Nagy wants his "U" tight end to be a focal point of the passing attack, which explains why the Bears handed a four-year, $32 million contract to a player with 63 receptions in 61 career games. Burton did have 122 yards and three touchdowns in the two contests Zach Ertz missed for the Eagles last season, providing a strong hint that he's ready for a larger role ahead of his fifth NFL campaign. Burton will have that opportunity in Chicago, though his lack of size by tight-end standards may sometimes keep him off the field on early downs -- whereas Kelce filled an every-down role for the Chiefs. The former Eagle doesn't have a strong reputation as a blocker and thus figures to lose some snaps to Adam Shaheen and Dion Sims when Chicago is in situations that call for a traditional in-line tight end. The Bears also need to create touches for running backs Jordan Howard and Tarik Cohen, as well as their offseason additions at wide receiver, Allen Robinson (knee) and Taylor Gabriel.
Burton will sign a four-year, $32 million contract with the Bears when free agency opens Wednesday, Ian Rapoport of NFL Network reports.
This is a massive contract for an undrafted free agent (2014) who had 63 catches in 61 career regular-season games for the Eagles. Burton did impress in the two contests Zach Ertz missed last season, catching seven passes for 122 yards and a trio of scores. The 26-year-old tight end will now head to Chicago, where he and Allen Robinson will try to help Mitchell Trubisky make a Year 2 leap. Burton won't necessarily have an every-down role, but he at least figures to be a regular in passing situations. The Bears presumably hope 2017 second-round pick Adam Shaheen will develop into their top in-line/blocking tight end, with Burton serving as a flex receiver. Dion Sims may soon be released as the Bears retool under new head coach Matt Nagy, who coordinated a Chiefs offense in which Travis Kelce caught 83 passes for 1,038 yards and eight touchdowns in 15 games last season.
Burton has a number of serious suitors, including the Lions, Mike Garafolo of NFL Network reports.
Best known for throwing a touchdown pass to Nick Foles on "Philly Special" in the Super Bowl last month, Burton enjoyed an efficient regular season prior to the famous play, catching 23 of 30 targets for 248 yards and five touchdowns. He had seven receptions for 122 yards and three scores in the two games Zach Ertz missed, proving to be a more than capable replacement. In a free-agent class without any sure things at tight end, the 26-year-old Burton should be able to find starter money despite his lack of experience in a leading role. Detroit would be an ideal landing spot, assuming the Lions would trade or release Eric Ebron in a corresponding move. Burton figures to find a new team within the first few days of the free agency period.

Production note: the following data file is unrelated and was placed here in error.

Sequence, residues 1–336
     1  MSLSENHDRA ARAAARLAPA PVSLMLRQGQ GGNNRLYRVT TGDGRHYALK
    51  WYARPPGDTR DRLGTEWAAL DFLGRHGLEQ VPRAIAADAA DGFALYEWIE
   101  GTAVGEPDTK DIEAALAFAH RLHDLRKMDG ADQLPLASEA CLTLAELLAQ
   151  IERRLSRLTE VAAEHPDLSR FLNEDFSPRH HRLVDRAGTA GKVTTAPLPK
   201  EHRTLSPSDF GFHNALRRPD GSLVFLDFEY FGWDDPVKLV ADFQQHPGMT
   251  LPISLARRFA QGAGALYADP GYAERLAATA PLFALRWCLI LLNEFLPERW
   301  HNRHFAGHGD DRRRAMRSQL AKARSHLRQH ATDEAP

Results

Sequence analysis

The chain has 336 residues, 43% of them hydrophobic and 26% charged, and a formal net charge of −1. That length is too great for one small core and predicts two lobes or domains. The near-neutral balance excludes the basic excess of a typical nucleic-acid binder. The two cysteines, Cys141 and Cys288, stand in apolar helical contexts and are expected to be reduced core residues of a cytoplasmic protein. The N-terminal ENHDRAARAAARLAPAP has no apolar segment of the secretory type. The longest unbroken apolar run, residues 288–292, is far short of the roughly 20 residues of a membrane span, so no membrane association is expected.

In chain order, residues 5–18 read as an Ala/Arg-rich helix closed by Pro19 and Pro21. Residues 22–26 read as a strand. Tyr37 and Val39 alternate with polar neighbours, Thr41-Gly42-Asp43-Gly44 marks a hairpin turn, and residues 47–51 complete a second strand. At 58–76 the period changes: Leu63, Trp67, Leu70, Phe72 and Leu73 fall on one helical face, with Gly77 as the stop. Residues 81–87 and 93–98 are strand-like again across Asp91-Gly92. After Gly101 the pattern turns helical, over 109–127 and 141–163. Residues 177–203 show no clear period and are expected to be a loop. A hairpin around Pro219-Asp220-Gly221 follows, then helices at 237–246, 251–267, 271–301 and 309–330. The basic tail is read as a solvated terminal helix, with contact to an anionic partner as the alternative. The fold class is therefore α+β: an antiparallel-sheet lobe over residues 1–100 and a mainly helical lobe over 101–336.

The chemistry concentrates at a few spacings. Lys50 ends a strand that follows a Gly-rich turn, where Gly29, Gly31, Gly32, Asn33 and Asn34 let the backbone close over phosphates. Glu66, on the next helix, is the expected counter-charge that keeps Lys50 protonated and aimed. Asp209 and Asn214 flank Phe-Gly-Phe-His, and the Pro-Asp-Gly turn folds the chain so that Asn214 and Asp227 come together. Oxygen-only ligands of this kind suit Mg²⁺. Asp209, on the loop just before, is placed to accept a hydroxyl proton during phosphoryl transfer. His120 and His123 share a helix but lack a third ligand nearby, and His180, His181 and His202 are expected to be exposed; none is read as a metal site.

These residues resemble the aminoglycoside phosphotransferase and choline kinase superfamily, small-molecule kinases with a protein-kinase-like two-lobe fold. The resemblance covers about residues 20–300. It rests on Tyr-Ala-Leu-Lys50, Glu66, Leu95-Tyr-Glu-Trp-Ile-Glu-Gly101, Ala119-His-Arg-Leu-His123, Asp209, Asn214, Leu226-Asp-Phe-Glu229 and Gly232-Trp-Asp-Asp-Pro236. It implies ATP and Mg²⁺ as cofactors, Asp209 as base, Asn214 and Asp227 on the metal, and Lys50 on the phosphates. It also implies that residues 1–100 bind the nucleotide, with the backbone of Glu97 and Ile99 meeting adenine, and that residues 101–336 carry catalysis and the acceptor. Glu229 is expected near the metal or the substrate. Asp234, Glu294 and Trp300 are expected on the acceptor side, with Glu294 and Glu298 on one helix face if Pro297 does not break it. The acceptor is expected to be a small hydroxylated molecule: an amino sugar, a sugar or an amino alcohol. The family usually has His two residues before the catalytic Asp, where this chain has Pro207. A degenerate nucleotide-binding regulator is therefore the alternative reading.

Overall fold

Burton threw a one-yard touchdown pass in Sunday's 41-33 win over the Patriots in the Super Bowl, and failed to reel in the only pass thrown his way.
A passing touchdown certainly is surprising, but it's good to know Burton has that in his back pocket. While the 26-year-old caught a career-high five touchdowns during the regular season, he actually saw one fewer red-zone target in 2017 than he did the season prior. His 248 yards receiving while catching 23 of 31 targets all represent regression from 2016 as well. The soon-to-be fifth-year pro will now become an unrestricted free agent and will need to find somewhere to play outside of an elite tight end's shadow if the former Gator is to have much fantasy value next season.
Burton hauled in both of his targets for 15 yards and a touchdown in Sunday's 34-29 win over the Giants.
Though Burton was able to reach the end zone for the second game in a row, he unsurprisingly saw his workload take a significant hit with the return of starting tight end Zach Ertz from a one-game absence. Burton played just 11 of the Eagles' 68 offensive snaps Sunday, a stark decline from the 48 of 91 snaps (52.7 percent) he received in the Week 14 win over the Rams. So long as Ertz stays healthy over the final two regular-season contests, Burton isn't likely to see a dramatic spike in his usage, but he should remain a red-zone factor and short-yardage target when he's on the field.
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